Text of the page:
TITLE 20: CORRECTIONS, CRIMINAL JUSTICE, AND LAW ENFORCEMENT
CHAPTER VII: SEX OFFENDER MANAGEMENT BOARD
PART 1905 ADULT SEX OFFENDER EVALUATION AND TREATMENT (REPEALED)
SECTION 1905.50 ASSESSMENT GUIDELINES


 

Section 1905.50 Assessment Guidelines

 

a) Licensed evaluators shall conduct objective, impartial and reliable sexual abuser-specific assessments that support well-informed decision making and maintain the credibility and integrity of the profession.

 

1) Evaluators conduct sexual abuser-specific assessments in accordance with any additional ethical standards, codes, laws or other expectations for the respective profession or discipline of practice. This includes ethical standards pertaining to, but not limited to, the following:

 

A) Informed consent;

 

B) Specialized training, knowledge, expertise and scope of practice;

 

C) Documentation and retention of records;

 

D) Currency of research;

 

E) Confidentiality;

 

F) Professional relationships; and

 

G) Conduct.

 

2) Evaluators:

 

A) explore and disclose any conflicts of interest or other issues that may interfere with their ability to provide an objective, fair and impartial assessment; and

 

B) refer the potential client to another clinician or agency if the assessment process and findings will be compromised by those factors.

 

3) Evaluators conducting sexual abuser-specific assessments:

 

A) acknowledge and attempt to address any personal biases or assumptions they may have based on age, race, gender identity, sexual orientation, faith practices, cultural differences, socioeconomic differences, education, language, level of intellectual functioning, and mental or physical disability; and

 

B) refer the potential client to another clinician or agency if the assessment process and findings will be compromised by those factors.

 

4) Evaluators take into account the client's current legal status (e.g., no legal status; preadjudication, pretrial psychiatric hold; presentencing, civil commitment referral; parole hearing; revocation) and the ways in which that status may influence the nature of scope of the sexual abuser-specific assessment.

 

5) Evaluators take reasonable steps to:

 

A) afford the client who is the subject of the assessment (and/or legal guardian) the opportunity to make an informed decision about participating in the assessment process; and

 

B) document those efforts in the report. These steps include, but are not limited to the following:

 

i) Explaining the nature and purposes of the assessment;

 

ii) Outlining potential benefits, risks and limitations of the assessment procedures that will be used;

 

iii) Highlighting the potential benefits and impact of participating or declining to participate;

 

iv) Specifying limits on confidentiality, such as persons or entities to whom the findings will be provided and the circumstances under which information may otherwise be released; and

 

v) Responding to questions posed by the client regarding the assessment process.

 

6) Evaluators:

 

A) inform clients of the evaluator's responsibilities vis--vis the client and the request for the evaluation; and

 

B) ensure that clients understand that the evaluation may still proceed without their consent.

 

7) Evaluators recognize the potential for disclosures of previously undetected sexually abusive behaviors, work closely with other system stakeholders to establish protocols for the fair, ethical and responsible handling of the disclosures, and ensure the client understands the evaluator's duty to disclose as required by law.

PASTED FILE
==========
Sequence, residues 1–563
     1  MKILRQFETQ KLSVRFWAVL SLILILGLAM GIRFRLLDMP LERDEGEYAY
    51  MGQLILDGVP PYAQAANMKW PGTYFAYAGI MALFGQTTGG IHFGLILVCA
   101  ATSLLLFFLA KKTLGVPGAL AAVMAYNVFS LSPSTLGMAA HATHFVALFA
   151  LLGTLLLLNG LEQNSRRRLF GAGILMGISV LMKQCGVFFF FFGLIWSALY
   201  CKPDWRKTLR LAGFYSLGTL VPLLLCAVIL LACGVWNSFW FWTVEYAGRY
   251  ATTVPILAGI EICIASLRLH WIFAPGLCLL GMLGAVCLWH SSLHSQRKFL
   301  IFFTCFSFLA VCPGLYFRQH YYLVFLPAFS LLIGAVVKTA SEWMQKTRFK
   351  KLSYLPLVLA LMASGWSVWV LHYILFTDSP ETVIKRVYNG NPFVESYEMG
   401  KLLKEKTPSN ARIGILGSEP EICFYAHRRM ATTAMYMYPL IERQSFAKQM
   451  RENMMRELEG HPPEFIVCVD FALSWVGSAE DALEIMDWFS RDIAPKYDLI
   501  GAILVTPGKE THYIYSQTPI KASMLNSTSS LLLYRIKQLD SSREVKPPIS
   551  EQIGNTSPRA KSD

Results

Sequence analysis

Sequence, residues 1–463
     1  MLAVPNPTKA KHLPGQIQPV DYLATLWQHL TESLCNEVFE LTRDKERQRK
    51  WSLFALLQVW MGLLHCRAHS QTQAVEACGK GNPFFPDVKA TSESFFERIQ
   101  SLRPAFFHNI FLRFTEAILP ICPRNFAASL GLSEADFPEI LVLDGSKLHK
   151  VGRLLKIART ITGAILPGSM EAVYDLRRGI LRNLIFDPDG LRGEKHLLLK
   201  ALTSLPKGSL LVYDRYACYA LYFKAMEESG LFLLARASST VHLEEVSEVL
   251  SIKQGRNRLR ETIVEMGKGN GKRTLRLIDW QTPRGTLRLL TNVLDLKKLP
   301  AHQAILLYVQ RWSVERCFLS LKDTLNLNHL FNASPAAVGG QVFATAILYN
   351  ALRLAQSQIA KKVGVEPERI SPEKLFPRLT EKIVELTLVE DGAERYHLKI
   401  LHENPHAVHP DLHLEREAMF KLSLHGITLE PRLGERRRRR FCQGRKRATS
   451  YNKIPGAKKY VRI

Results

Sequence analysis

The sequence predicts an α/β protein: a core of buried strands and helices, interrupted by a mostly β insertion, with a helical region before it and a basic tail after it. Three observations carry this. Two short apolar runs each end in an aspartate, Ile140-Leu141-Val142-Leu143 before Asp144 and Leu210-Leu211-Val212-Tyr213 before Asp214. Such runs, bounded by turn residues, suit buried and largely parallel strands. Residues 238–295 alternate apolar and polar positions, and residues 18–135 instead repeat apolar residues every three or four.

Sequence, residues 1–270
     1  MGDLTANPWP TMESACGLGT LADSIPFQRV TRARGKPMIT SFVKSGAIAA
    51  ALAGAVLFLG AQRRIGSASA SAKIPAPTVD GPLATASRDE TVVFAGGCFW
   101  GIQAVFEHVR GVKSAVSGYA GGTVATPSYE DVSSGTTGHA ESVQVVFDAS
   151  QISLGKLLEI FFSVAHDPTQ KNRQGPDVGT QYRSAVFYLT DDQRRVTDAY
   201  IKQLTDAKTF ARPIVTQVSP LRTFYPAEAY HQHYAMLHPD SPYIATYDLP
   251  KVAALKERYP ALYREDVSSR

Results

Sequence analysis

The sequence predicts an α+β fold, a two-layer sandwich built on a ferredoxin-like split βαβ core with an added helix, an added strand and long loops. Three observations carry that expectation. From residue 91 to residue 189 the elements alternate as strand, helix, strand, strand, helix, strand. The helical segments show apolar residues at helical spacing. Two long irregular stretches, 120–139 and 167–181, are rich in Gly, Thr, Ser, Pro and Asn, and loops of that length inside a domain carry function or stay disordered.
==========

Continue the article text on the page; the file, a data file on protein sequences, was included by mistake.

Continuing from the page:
8) Evaluators take reasonable steps to ensure that assessments of sexual abusers are current when that information will be used to inform case management decisions, such as sentencing, civil commitment, release, treatment and supervision.

 

9) Evaluators take reasonable steps to clearly articulate the specific rationale for all conclusions and recommendations provided in a given assessment, using language that is readily understandable to the consumers of the assessment, including the client.

 

10) Evaluators consider community safety and the degree to which the client is capable of and willing to manage his or her sexual behavior when making recommendations in the assessments.

 

b) Evaluators shall clarify with the requestor and subject the specific purposes for which an assessment is being conducted and shall document accordingly.

 

1) Evaluators conduct sexual abuser-specific assessments primarily for the following purposes:

 

A) Understanding the nature and extent of a client's sexually abusive behavior;

 

B) Exploring criminogenic and other needs that should be the focus of treatment and other interventions;

 

C) Estimating short- and long-term recidivism risk, both sexual and nonsexual;

 

D) Identifying specific responsivity factors; and/or

 

E) Obtaining baseline information about a client against which progress and other changes can be gauged.

 

2) Evaluators recognize that sexual abuser-specific assessments are not designed or reliable for, and should not be conducted for, the following purposes:

 

A) Substantiating or refuting allegations that are the focus of a criminal, civil, child custody or other investigation;

 

B) Exploring the veracity or motivations of an alleged victim's statements;

 

C) Guiding law enforcement, prosecutorial or charging determinations;

 

D) Suggesting the existence of a predetermined profile of a sexual abuser against which an individual can be compared to determine fact; or

 

E) Addressing or alluding to a client's potential guilt or innocence, or otherwise speaking to issues that are within the purview of a trier-of-fact.

 

3) Evaluators collaborate with other stakeholders involved in risk reduction, risk management and prevention efforts to promote the appropriate and effective use of assessment data to inform case management decisions with sexual abusers.